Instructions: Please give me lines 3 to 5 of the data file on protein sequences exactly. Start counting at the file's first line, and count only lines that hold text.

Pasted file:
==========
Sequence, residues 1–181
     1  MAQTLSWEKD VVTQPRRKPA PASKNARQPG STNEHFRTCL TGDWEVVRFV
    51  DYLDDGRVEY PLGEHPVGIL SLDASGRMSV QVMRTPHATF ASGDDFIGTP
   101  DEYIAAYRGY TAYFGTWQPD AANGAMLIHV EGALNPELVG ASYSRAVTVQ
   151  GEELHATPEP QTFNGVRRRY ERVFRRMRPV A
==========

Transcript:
    51  DYLDDGRVEY PLGEHPVGIL SLDASGRMSV QVMRTPHATF ASGDDFIGTP
   101  DEYIAAYRGY TAYFGTWQPD AANGAMLIHV EGALNPELVG ASYSRAVTVQ
   151  GEELHATPEP QTFNGVRRRY ERVFRRMRPV A